Trail enthusiasts attend CRVST meeting Oct. 11

By Tina SnellStaff Writer

The feasibility studies are done and the plans are mapped. What the proposed Camp Ripley/Veterans State Trail (CRVST) now needs is money.

On Oct. 11, the community was invited to attend the monthly meeting of the CRVST. Because of the expected crowds, it was held at the Morrison County Government Center instead of the usual venue at Camp Ripley. Those attending were given a picture on where the trail now stands and what they can do to get it built.

Sen. Bill Ingebrigtsen, left, attended the Camp Ripley Veterans State Trail meeting at the Morrison County Government Center Oct. 11. He was there to ascertain the commitment the community had in the proposed trail. Also pictured is Bob Reinitz, chair of the Camp Ripley Veterans State Trail.

The CRVST is one of the Department of Natural Resources’ (DNR) newest trails, authorized by the Minnesota Legislature in 2009.

The presentation, given by Reinitz and Sen. Paul Gazelka, gave people in the areas affected by the CRVST and adjoining trails an update on its status.

“We talked about what the trail is and why it needs to be constructed,” said Reinitz.

Also present was Sen. Bill Ingebrigtsen (R), from District 11.

“We asked the senator to be a part of this program since he is the chairman of the committee that manages the state’s Legacy Funds through the Environment and Natural Resources Committee,” said Reinitz. “The trail committee wanted to know how to proceed and Gazelka pointed us in Ingebrigtsen’s direction. He told us we need to show the senator how much we needed this trail in our area. We need him to get behind this project.”

Gazelka said the CRVST meeting was important in that multiple communities were present, showing Ingebrigtsen and others that consensus was being built.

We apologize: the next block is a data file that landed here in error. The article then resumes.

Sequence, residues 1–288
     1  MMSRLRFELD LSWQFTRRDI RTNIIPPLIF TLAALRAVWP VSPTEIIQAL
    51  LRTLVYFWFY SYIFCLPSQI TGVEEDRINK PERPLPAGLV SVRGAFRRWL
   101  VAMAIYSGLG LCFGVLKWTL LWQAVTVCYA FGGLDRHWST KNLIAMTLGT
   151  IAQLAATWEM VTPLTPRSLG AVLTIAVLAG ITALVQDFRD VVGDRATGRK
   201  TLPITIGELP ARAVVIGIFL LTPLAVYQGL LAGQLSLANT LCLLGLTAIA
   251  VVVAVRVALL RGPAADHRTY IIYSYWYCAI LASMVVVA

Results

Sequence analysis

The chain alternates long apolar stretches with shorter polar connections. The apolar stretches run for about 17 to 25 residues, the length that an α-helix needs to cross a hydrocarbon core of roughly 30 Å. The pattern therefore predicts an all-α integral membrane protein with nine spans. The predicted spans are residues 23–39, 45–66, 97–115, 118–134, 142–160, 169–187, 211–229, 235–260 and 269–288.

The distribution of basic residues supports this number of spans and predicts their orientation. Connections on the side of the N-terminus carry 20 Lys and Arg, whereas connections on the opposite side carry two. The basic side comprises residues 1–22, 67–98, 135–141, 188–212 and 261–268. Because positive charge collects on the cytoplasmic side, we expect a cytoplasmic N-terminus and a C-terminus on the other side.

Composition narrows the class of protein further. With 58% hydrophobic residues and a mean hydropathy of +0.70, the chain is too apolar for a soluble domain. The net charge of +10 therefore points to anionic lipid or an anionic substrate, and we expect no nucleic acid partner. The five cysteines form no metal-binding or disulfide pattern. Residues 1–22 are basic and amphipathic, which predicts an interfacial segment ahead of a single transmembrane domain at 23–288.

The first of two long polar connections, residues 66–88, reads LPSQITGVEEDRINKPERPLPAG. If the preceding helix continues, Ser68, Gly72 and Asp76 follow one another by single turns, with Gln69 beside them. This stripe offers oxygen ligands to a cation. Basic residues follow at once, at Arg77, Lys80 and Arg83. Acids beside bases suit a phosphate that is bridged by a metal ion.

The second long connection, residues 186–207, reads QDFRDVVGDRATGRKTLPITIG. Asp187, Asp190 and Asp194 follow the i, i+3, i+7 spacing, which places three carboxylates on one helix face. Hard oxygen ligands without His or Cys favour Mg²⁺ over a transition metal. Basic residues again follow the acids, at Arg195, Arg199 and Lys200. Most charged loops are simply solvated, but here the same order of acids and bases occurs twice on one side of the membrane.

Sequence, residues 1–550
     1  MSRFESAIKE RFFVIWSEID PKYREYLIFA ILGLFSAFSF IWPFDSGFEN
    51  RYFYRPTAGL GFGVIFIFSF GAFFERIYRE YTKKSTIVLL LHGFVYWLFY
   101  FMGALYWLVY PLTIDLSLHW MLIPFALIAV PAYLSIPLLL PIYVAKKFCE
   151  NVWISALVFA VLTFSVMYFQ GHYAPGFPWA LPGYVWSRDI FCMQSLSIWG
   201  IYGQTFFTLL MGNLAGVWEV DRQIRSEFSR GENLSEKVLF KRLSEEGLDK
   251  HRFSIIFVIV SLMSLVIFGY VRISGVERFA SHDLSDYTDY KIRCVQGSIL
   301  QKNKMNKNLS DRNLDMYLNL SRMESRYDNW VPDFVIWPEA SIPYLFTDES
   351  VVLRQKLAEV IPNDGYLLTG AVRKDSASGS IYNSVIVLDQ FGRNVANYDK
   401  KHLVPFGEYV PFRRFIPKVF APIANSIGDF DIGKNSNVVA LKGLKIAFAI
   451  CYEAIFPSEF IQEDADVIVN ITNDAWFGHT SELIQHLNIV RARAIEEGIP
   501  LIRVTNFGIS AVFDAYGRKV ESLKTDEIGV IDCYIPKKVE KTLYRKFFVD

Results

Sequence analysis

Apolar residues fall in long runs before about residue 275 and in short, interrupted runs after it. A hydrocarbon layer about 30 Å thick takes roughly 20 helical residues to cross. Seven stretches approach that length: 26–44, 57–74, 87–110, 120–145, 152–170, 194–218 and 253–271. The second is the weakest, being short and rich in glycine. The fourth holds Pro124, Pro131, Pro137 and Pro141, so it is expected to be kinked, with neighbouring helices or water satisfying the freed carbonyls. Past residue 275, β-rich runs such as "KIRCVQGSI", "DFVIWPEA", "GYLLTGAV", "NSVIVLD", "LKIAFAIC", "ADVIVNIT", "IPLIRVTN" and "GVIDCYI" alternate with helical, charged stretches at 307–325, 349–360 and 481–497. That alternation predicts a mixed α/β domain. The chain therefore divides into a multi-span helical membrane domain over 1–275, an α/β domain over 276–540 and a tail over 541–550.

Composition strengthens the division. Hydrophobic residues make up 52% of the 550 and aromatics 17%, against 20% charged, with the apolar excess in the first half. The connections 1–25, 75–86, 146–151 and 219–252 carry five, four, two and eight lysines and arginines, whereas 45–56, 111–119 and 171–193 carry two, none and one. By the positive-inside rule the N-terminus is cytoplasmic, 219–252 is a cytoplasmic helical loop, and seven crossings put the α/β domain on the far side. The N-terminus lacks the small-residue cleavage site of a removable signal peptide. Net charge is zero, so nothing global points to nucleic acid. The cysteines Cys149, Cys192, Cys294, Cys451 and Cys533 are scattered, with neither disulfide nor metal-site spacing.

“It’s now my job to build that same support for the trail at the legislative level,” he said.

Reinitz said the problems in Central Minnesota include low incomes, an unhealthy population and the lack of any major industries.

“We need to bring something else to the area,” he said. “That something is tourism.”

Reinitz cited the small town of Lanesboro in southern Minnesota and what the Root River Trail has done to improve the community.

“It’s made a huge economic impact on that area,” he said. “Tracking shows an average of $46,000 is spent annually from local trail users and $2.2 million from tourists.”

The CRVST will complete a 35-mile missing link between the Crow Wing State Park to the Soo Line Trail. The trail will complete the world’s longest continuously paved off-road bike trail (300 miles).

When later expanded to Fargo, N.D., and points south of the Soo Line Trail, it will complete a 500-mile loop, a perfect two-week bike trip, said Reinitz.

“Since it will draw people from around the world, other communities that connect to the Soo Line Trail are just as excited about the CRVST as we are,” he said.

A corridor study was done with Bolton and Menk Inc., Brainerd, to logically place the trail through Morrison, Crow Wing and Cass counties. The money for the study came from cities, counties, ATV clubs and more. A three-mile wide corridor was penciled in to help make sense of where it could feasibly be located.

At the same time, the DNR also did a study. The results of those studies on the trail’s proposed locations are found on the Web site or the DNR site at

Reinitz said there is no abandoned railroad bed to use for the CRVST, which is good and bad news.

“A railroad bed would save money in creating the trail. In that respect, it would be better to have one. But, not having a flat railroad bed to use gives the trail builders the opportunity to run the CRVST though virgin forests and close to the Crow Wing and Mississippi rivers, thus giving riders diverse views,” said Reinitz. “The cost will be more, but it will attract more visitors.”

Reinitz said that since the studies are done, it’s now time to find funding. The CRVST will be part of the DNR State Trail System and funding will in all likelihood, come from state Legacy Funds. When the money is approved, land can be acquired and construction will begin.

“We need to talk to our legislators about the need for the CRVST,” said Reinitz. “Their session starts in January and we need to keep this project in the forefront.”